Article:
Snapshot Of Fleeting Protein Process Shows How Actin Nucleation Begins
The biological "freeze-frame" shows the initial step in the formation of actin, a sturdy strand-like filament that is vital for humans. Actin filaments help cells maintain their shape. The filaments, which are called F-actin, also play key roles in muscle contraction, cell division and other critical processes.
"One of the major distinctions between cancerous cells and healthy cells is their shape," said study co-author Jianpeng Ma, professor of bioengineering at Rice and the Lodwick T. Bolin Professor of Biochemistry at BCM. "There is a correlation between healthy shape and well-regulated cell growth, and cancer cells are often ugly and ill-shaped compared to healthy cells."
F-actin was discovered in 1887, but despite the more than 18,000 actin-related studies in scientific literature, biologists have struggled to unlock some of its secrets. For example, F-actin is a polymer made of many smaller proteins called monomers. These building blocks, which are called G-actin, self-assemble end to end to form F-actin. But the self-assembly process is so efficient that scientists have been unable to see what happens when the first two or three monomers come together to form the nucleus of a filament. The F-actin filaments inside cells are constantly being built, torn apart and rebuilt.
"Nucleation is critical for this continual building and rebuilding," said BCM biochemist and study co-author Qinghua Wang. "For healthy cells, nucleation is the starting place for robust shape. For unhealthy cells, like cancer, nucleation processes may play a crucial role in unregulated growth. That's one reason we want to better understand nucleation."
In 2008, Ma and Wang asked Xiaorui Chen, a graduate student in BCM's Structural and Computational Biology and Molecular Biophysics program, to undertake the task of using x-ray crystallography to determine the structure of the actin nucleus. Her initial attempts failed, but the team finally hit upon the winning idea of creating two mutant versions of G-actin that could nucleate but not polymerize.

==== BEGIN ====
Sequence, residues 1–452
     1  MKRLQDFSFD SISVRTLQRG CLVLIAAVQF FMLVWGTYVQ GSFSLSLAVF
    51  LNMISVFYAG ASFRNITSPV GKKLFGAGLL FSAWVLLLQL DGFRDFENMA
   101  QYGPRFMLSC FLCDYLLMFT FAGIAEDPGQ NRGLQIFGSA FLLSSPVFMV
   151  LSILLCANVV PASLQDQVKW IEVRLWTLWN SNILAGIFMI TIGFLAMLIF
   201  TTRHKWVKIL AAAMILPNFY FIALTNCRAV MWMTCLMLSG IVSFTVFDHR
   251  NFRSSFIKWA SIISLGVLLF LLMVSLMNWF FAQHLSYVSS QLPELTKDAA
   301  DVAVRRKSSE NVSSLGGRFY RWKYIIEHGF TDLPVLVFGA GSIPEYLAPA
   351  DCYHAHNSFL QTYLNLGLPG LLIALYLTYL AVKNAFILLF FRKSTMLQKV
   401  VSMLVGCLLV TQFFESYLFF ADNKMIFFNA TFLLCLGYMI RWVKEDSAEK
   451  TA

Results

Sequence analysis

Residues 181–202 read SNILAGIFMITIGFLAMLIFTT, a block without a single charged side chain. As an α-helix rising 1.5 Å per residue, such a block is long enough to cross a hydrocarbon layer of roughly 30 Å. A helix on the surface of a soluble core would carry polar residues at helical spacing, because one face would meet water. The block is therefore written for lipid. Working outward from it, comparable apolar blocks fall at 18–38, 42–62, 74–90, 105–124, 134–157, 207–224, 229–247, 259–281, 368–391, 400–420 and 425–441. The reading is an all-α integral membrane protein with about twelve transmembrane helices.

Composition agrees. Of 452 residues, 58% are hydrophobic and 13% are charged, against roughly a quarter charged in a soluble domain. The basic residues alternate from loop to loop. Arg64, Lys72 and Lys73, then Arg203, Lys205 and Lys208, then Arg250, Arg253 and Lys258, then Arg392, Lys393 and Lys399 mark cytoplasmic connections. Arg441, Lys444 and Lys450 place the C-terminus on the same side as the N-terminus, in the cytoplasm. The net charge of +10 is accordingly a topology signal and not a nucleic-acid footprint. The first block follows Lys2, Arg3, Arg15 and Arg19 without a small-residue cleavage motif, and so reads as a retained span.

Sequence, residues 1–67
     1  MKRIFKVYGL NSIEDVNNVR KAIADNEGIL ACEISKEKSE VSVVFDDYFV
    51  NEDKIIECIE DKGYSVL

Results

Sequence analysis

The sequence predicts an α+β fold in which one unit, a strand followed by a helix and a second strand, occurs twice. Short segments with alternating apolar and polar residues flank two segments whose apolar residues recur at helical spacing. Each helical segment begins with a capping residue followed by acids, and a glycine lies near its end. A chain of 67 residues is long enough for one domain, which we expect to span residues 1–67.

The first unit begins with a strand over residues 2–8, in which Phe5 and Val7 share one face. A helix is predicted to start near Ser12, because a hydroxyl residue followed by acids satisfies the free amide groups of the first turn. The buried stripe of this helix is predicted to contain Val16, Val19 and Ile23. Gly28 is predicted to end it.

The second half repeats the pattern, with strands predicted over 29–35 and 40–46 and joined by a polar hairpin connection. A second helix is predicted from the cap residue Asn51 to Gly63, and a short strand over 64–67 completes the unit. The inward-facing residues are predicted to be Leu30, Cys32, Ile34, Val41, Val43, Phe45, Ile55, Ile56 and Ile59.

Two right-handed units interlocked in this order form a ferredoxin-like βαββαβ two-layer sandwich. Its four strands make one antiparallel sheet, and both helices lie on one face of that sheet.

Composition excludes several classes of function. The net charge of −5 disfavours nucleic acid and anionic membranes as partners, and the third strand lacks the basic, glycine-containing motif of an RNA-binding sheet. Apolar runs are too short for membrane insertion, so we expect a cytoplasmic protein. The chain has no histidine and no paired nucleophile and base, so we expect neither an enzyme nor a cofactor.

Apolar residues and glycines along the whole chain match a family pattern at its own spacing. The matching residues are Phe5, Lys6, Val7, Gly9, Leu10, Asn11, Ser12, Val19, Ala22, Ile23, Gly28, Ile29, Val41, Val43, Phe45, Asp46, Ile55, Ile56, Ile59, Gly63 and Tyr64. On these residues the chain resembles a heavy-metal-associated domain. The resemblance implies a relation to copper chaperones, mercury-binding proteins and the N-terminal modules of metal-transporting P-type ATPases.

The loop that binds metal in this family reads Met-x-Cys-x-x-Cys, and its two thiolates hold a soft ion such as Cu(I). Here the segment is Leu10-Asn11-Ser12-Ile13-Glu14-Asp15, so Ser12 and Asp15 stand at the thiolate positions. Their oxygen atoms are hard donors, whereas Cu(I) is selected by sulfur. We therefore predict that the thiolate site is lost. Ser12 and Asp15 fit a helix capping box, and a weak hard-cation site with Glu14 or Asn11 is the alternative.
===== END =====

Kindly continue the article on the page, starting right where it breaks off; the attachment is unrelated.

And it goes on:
Native G-actin binds with one neighbor on top and one on bottom, and this top-bottom, end-to-end binding pattern is the key to forming long F-actin polymers. To foster nucleation without polymerization, Chen created two mutant versions of G-actin. One mutant could bind normally on top but not on bottom, and the other could bind normally on bottom but not on top.
"This dual-mutant strategy was the key," said Chen, who is now a postdoctoral researcher at BCM. "After that, we had to overcome problems related to forming and growing the crystal samples needed for crystallography."
Chen used a two-stage process to prepare the crystals. She first used high levels of super-saturation to spur initial crystal formation and then used a process called seeding to transfer the newly formed crystals to another medium where they could grow large enough for examination.
Once the crystals were prepared, they were analyzed with x-ray diffraction, which revealed the atomic arrangement of each atom in the nucleated, dual-mutant pair. "We believe this dual-mutant arrangement reveals the most critical contacts involved in nucleation," Ma said. "For the first time, we are able to see how actin nucleation begins."
Additional co-authors include Fengyun Ni of both Rice and BCM, Xia Tian of BCM and Elena Kondrashkina of Northwestern University. The research was supported by the National Institutes of Health, the Gillson-Longenbaugh Foundation, the National Science Foundation, the Welch Foundation, the Department of Energy and the Michigan Economic Development Corp.
A copy of the Cell Reports article is available at: http://www.cell.com/cell-reports/fulltext/S2211-1247(13)00210-6
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